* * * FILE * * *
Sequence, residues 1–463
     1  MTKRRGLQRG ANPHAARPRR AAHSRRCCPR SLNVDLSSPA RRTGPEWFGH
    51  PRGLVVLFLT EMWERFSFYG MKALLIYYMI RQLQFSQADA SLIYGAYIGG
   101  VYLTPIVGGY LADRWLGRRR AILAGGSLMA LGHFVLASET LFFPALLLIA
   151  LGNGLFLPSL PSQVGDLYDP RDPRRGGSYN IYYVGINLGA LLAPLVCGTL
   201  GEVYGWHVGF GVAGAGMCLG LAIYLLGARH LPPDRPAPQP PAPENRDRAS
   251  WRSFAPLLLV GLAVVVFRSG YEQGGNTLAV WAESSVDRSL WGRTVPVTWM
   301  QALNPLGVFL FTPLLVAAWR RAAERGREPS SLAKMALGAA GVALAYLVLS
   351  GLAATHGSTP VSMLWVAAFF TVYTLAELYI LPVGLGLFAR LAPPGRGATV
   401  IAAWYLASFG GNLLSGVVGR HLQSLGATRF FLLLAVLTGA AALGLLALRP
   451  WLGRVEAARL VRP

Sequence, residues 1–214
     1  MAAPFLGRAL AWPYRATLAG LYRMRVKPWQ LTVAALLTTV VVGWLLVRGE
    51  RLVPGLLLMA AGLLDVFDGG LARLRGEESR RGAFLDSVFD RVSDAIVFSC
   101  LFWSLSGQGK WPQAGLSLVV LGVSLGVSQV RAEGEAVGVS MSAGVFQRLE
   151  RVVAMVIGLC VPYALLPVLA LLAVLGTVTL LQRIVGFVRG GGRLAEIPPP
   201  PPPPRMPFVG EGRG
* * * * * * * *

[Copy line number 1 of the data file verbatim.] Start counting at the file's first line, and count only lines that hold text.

Sequence, residues 1–463